Press Release: Government of Japan to Honor Professor Emerita Setsuko Matsunaga Nishi
Professor Setsuko Matsunaga Nishi will be honored with the Order of the Rising Sun, Gold Rays with Neck Ribbon for her outstanding lifelong contributions to the promotion of the civil rights, sociological study, and well-being of Japanese Americans and others. She is Professor Emerita of Sociology at the Graduate Center and Brooklyn College of the City University of New York (CUNY), the founding president of the Asian American Federation, Inc., and a past chair of the New York Advisory Committee of the U.S. Commission on Civil Rights.
The conferment ceremony for Dr. Nishi will take place at the official residence of the Japanese Ambassador and Consul-General in New York on June 5th.
Dr. Setsuko Matsunaga Nishi was a “true pioneer of Japanese American Studies” in the turbulent times during and after WWII and a “beacon of the community,” serving as both a leading scholar and a tireless social activist throughout her career and to the present.
-Advocacy and Civil Rights for Japanese Americans-
While a university student during World War II, she gave more than three hundred and fifty speeches to help prepare public receptivity to the resettlement of Japanese Americans from the incarceration camps. In Chicago, she, with her father, Tahei Matsunaga, was instrumental in establishing the Chicago Resettlers Committee, now known as the Japanese American Service Committee. Before joining academia, she worked as a research writer for the Chicago Defender, headed the Chicago Council against Racial and Religious Discrimination, and directed research for the social programs of the National Council of Churches. Besides her academic career as sociologist, she served on numerous boards, such as United Way of New York City, and was a consultant to many organizations and public agencies, including the Congressionally mandated Commission on Wartime Relocation and Internment of Civilians. She has also been a long-time member the Japanese Americans Citizenship League, the oldest and largest Asian American civil rights organization in the United States. In 1989, Dr. Nishi co-founded the Asian American Federation to enable the many Asian ethnic groups in New York to work together in advocating and pooling resources for this rapidly growing population. Under her leadership as founding president, for six years, the Federation brought needed services to many Japanese Americans, as well as public attention to their concerns. Since the late 1980s, she has also contributed to developing the Japanese American National Museum in Los Angeles, as a member of the National Scholarly Advisory Council and of the New York Advisory Council.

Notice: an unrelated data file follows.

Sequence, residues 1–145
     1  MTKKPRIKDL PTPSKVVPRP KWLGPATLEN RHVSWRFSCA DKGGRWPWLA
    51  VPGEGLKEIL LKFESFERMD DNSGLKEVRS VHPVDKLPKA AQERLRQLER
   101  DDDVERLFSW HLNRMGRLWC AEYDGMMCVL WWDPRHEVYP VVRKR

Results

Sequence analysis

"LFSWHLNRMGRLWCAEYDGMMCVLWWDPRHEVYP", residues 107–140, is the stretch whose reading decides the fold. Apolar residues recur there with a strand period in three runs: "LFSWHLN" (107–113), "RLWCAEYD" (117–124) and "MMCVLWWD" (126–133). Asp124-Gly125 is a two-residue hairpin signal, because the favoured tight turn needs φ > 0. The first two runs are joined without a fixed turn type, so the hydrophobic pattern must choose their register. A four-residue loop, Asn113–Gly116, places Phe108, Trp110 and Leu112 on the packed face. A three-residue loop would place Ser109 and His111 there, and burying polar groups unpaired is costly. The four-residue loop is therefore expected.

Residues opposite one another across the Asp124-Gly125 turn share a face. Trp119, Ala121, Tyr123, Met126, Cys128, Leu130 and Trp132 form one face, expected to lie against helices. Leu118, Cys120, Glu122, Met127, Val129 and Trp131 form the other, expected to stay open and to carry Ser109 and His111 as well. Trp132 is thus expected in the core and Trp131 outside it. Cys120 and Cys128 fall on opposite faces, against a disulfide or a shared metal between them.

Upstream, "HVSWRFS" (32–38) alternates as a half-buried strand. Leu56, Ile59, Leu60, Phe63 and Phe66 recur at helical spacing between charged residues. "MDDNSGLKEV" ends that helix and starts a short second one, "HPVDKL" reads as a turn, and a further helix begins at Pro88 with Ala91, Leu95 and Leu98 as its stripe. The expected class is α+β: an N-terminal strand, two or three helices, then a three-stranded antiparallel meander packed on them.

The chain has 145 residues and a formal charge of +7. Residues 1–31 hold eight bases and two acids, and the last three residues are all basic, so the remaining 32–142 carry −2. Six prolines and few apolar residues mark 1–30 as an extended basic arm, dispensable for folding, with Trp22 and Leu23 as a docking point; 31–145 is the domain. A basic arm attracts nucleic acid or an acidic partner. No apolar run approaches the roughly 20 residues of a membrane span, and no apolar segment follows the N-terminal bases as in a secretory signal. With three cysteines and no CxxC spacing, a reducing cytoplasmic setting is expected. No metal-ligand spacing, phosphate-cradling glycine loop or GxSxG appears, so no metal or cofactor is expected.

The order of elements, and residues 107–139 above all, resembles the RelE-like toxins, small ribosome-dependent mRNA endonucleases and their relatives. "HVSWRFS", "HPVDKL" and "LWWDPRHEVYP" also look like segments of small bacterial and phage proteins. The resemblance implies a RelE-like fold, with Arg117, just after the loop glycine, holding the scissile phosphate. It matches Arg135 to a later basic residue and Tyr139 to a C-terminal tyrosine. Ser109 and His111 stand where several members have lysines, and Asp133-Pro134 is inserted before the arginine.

-Japanese American Studies-
Her research at Santa Anita Assembly Center, where she was incarcerated during the war, observing the development of informal educational activities in the hastily constructed camp, was the first of her studies of Japanese Americans and their wartime treatment. Other studies included those on early resettlement in St. Louis and the post-war re-establishment of an ethnic community in Chicago. Meanwhile, she was enrolled in the sociology program at the University of Chicago, where she received her doctorate in 1963. From 1965 until her retirement in 1999, she was a professor of sociology at Brooklyn College and the Graduate Center, CUNY. She taught some of the first courses on Asian American Studies there and served as a mentor to a generation of scholars. With her expertise on institutionalized discrimination against Japanese Americans and other ethnic minorities, she was invited by local and federal government agencies, private companies, and nonprofits to serve as a consultant, applying her research insights to various social issues in the U.S. and internationally. In 1982, Dr. Nishi initiated the development of the Exchange of Scholars Program between Tokyo Metropolitan University and the Graduate Center. She hosted many scholars from Japan and was the first research scholar from the Graduate Center to go to Tokyo Metropolitan University, where she gave lectures in graduate seminars and conducted research on Japanese Americans who went to Japan at the end of WWII. As a professor emerita, she is currently principal investigator of a national study, “Recovery and Hidden Injuries: Wartime Incarceration and the Life Course of Japanese Americans,” which compares the long-term effects on those who left the camps to go to the Army, college, or work, and those who remained segregated at Tule Lake during wartime. She is preparing this research for publication.
Dr. Nishi was born in Los Angeles to Hatsu Nishi Matsunaga and Tahei Matsunaga, who came from Kumamoto, Japan. She was married to the late Ken Nishi, the painter-sculptor, and is the mother of five children and the grandparent of six.
Submitted on: MAY 1, 2009